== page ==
While all other central banks, including the European and Japanese central banks, seem set on continuing their low interest policies, the US is on a path of tapering, incrementally normalizing their monetary policy. This process is leading to a considerable removal of USD capital, a reduction of capital that is, first and foremost, hurting the weakest economies, or those economies with a weak balance of payments and large foreign debt.

Argentina, Iran, Turkey… China!

Turkey was the latest - but certainly not the last - domino to fall. Erdogan bet on growing his economy with foreign debt. He’s now run into the problem of US trade sanctions and tariffs. With much of his debt denominated in US dollars, and with the Turkish lira in decay, that debt is rapidly becoming difficult, if not impossible, to finance. But why does Turkey matter? Well, for one thing, roughly USD 400 billion of Turkish debt is financed by European banks, some of which are in trouble already.

The growing crisis of emerging economies is starting to rear its ugly head elsewhere as well. We need to keep a close eye on yield spreads and such indicators as the CDS spreads (credit default swap spreads). As the economies of emerging markets slow down, the impact will be felt in Europe and in the US too, even more so when one of those economies is China.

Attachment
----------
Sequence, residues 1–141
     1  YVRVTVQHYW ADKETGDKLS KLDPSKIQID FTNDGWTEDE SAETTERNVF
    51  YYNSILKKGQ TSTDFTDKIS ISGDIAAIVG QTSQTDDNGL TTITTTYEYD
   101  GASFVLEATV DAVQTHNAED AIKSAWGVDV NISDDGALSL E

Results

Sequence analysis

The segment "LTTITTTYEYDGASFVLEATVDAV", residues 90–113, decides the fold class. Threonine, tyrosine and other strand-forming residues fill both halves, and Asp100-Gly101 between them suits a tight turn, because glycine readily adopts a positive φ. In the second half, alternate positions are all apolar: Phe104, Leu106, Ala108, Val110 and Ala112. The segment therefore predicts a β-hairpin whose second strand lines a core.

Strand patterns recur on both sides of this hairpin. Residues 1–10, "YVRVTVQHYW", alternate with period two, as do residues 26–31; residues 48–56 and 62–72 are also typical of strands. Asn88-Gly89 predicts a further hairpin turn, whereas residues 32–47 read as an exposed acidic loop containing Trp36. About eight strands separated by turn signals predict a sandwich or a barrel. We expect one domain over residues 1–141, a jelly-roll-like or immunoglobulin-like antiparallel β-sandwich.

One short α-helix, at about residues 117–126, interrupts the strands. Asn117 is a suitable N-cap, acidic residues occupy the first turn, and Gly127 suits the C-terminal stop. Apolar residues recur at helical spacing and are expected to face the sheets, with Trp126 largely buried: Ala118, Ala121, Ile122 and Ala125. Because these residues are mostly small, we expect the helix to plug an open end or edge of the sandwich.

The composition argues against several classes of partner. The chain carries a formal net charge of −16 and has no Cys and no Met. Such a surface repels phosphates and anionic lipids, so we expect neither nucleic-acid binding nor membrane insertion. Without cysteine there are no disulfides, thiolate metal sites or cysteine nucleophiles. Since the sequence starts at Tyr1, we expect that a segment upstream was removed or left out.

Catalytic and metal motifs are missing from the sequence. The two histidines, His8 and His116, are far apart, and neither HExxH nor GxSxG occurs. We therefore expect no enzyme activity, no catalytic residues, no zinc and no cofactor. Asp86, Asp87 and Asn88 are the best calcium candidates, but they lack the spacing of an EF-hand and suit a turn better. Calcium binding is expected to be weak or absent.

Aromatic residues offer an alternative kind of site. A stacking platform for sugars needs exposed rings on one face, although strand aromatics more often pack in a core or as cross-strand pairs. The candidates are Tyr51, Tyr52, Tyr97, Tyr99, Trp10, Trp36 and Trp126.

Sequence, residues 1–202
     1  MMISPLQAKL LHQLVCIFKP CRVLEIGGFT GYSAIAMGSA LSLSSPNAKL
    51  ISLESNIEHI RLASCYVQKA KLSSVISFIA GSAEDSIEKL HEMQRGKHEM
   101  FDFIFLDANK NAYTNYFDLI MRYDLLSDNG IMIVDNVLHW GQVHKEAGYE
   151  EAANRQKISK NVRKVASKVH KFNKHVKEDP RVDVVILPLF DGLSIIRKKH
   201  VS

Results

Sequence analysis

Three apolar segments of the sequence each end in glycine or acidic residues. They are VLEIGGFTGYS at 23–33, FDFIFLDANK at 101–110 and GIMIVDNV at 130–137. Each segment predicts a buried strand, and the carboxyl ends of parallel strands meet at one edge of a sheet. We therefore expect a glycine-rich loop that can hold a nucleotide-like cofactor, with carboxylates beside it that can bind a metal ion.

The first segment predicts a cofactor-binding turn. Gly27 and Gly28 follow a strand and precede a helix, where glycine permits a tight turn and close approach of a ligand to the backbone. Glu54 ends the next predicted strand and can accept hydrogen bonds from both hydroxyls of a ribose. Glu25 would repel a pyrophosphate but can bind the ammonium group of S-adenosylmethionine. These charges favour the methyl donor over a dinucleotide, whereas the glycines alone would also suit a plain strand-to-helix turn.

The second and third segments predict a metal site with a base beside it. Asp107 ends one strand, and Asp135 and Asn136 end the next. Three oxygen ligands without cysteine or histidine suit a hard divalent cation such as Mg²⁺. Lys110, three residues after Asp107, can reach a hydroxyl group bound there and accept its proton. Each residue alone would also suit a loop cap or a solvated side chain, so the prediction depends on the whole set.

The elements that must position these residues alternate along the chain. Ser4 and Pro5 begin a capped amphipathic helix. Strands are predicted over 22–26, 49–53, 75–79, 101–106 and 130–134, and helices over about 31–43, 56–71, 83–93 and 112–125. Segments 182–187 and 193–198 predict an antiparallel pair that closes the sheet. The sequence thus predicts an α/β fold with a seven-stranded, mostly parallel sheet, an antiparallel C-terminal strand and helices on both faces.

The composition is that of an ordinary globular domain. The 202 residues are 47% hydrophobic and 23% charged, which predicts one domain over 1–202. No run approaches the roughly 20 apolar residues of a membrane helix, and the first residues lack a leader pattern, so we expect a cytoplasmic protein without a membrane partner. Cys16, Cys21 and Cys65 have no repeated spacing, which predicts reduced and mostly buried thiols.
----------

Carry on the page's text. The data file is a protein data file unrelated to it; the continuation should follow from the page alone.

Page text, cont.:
This development is not new. It’s a classic example of increasing scarcity of dollars, sucking liquidity out of weaker economies, driving the price of the dollar up, and destructively eating its way toward the larger economies. This process will continue until something else gives: either until the Fed changes tack and starts inflating once again, which is not in the cards for now, or until the rest of the world starts normalizing too, as inflation increases on a pace that is faster and stronger than desired.

I expect the latter to materialize over the next 12 months. That, of course, will start affecting financial markets in Europe and the US. And, whether it be a “hissing” or a “popping” process, the correction in stock AND bond markets can be expected to be severe.

So, what about the trade war?

Markets have been relatively tranquil about all this. Most commentators are pointing at the trade resolutions America has reached with Europe and in the context of NAFTA. In both cases, measured and balanced agreements appear to have been ironed out. However, the question is whether this will also be the case with China.

Surely, the Chinese can be expected to aim at “saving face”. Possibly, they may have some diplomatic avenues to achieve this. However, President Xi Jinping, who has pretty much been given a “mandate for life” only a few months ago, will do everything possible in order to not look weak. He won’t start his one-man reign by backing down in the face of Donald Trump’s fiery rhetoric and very public threats. So, what options remain? How can he fight this “trade war” with something other than tariffs?